Power generators, farmers to work together to conserve water

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Sunday, February 04, 2001, 12:00 a.m. Pacific

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Power generators, farmers to work together to conserve water

by Hal Bernton Seattle Times staff reporter

ALDERDALE, Klickitat County - Mercer Ranches farm is a prime spot for producing food. The 8,500 acres atop an irrigated plateau yield sweet corn, potatoes, onions and baby carrots sold in Seattle.

Mercer Ranches could also end up a prime spot for power generation, with a developer proposing to built an 850-megawatt plant right next to the fields.

It would rank as one of the largest power plants in the state, roughly two-thirds the size of the nuclear power plant operating at Hanford.

The farm might seem an odd place for such big plans, but it lies in the middle of a budding energy belt along the Columbia River. In this stretch of territory, lie three resources coveted by power-plant developers:

-A natural-gas pipeline vital for supplying the fuel to operate turbines. With numerous natural-gas power plants in the permitting process, such turbines are expected to be the biggest new source of electricity for the region.

-Water essential to cooling these turbines.

-Regional transmission lines necessary to transport the power the turbines would produce.

For several years, power-plant developers have been prospecting for sites along the Columbia, and their efforts have intensified in recent months as electrical prices have skyrocketed.

High energy prices are bad for farmers, who depend on natural gas to produce fertilizer and on electricity to drive irrigation pumps. Many farms operate on narrow profit margins. And in recent years, those margins have faded.

"We've tried to diversify, but every crop has been down," said Russ Rasmussen, manager at Mercer Ranches.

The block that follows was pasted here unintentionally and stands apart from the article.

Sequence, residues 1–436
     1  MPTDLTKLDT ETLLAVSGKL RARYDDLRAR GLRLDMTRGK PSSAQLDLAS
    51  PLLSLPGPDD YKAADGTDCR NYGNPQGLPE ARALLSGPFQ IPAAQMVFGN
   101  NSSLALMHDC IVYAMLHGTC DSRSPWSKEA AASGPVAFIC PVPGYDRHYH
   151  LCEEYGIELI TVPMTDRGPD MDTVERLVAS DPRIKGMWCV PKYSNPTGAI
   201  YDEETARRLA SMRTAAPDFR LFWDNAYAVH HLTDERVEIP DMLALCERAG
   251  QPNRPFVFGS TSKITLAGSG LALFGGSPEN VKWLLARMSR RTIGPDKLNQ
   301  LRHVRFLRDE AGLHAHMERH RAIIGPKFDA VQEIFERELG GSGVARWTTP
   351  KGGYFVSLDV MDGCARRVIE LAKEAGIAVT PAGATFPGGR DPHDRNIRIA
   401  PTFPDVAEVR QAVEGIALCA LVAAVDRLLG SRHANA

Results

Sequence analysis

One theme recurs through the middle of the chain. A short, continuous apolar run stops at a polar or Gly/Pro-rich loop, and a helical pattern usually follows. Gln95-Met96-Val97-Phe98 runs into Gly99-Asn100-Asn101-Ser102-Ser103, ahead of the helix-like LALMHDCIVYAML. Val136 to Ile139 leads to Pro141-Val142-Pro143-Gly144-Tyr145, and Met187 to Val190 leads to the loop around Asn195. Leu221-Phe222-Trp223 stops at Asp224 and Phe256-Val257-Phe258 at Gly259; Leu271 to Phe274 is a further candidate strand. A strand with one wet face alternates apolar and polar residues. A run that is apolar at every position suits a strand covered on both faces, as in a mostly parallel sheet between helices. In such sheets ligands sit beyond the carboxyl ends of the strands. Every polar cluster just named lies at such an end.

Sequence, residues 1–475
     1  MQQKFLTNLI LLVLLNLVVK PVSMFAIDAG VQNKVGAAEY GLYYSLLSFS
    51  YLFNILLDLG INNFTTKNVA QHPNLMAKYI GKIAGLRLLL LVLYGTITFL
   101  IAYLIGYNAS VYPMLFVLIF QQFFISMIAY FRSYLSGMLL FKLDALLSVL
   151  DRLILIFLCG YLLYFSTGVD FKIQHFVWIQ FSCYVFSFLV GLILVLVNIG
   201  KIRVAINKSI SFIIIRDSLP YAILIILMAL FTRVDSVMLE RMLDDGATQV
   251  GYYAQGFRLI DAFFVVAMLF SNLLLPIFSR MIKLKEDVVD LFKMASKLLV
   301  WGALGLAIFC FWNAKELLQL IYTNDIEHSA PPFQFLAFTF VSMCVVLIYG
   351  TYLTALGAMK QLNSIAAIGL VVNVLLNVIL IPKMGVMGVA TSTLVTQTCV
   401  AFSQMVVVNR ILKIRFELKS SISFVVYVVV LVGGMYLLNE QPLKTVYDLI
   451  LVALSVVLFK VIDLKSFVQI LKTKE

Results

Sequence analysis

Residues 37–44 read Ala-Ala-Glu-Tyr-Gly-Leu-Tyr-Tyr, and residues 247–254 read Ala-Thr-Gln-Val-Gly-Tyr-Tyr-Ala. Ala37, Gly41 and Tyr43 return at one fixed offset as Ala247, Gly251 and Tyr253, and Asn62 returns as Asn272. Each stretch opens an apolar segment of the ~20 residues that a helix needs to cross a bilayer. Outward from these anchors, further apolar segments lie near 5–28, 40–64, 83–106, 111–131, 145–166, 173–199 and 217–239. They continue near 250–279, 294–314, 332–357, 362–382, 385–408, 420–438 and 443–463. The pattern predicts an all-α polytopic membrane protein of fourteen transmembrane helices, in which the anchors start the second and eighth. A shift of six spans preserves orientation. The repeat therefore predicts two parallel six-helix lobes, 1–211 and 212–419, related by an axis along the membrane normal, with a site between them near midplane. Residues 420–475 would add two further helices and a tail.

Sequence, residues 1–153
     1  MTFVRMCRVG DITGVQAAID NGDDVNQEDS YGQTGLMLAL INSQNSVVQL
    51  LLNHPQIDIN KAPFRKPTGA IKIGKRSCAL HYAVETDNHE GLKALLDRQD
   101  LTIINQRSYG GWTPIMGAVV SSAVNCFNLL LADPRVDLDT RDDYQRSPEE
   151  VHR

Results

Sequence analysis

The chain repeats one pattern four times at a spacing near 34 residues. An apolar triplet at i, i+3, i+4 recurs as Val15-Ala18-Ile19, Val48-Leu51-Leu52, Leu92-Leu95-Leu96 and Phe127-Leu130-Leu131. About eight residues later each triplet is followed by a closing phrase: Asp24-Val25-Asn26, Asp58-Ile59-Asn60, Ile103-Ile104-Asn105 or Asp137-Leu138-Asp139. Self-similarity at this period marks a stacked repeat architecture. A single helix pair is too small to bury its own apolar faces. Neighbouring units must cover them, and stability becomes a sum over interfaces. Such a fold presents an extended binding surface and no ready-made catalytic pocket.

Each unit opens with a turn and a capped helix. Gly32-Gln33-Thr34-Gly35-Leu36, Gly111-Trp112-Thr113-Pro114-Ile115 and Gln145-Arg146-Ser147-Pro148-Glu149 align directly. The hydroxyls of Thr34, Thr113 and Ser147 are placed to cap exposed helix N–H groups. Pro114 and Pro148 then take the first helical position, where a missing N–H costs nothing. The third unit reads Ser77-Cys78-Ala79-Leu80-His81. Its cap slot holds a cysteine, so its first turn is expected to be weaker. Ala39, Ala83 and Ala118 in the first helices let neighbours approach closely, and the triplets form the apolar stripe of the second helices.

But Mercer Ranches managers hope the new power plant will help them survive the energy crunch. And they say they have a farm-friendly design to get the job done.

Their solution is a power plant that would assume the traditional farm task of pumping water 300 feet up from the Columbia. In return, the power plant would use the water to cool its turbines. Then the water would go to a pond, where it would be available to irrigate Mercer Ranches and 14 other Alderdale farms.

This would be a big departure from standard power plants, which consume large amounts of water that otherwise could be used to irrigate cropland.

"We floated the idea around and finally got someone to bite," said Rasmussen.

It was a big bite: Cogentrix Energy, an energy-plant developer based in North Carolina. Kurt Humphrey, a vice president, said his company is serious about the project.

But the plant still has a long way to go. It will require environmental studies and a complex water-rights and permitting process through state agencies.

Copyright 2001 The Seattle Times Company.

-- Swissrose (cellier@azstarnet.com), February 05, 2001

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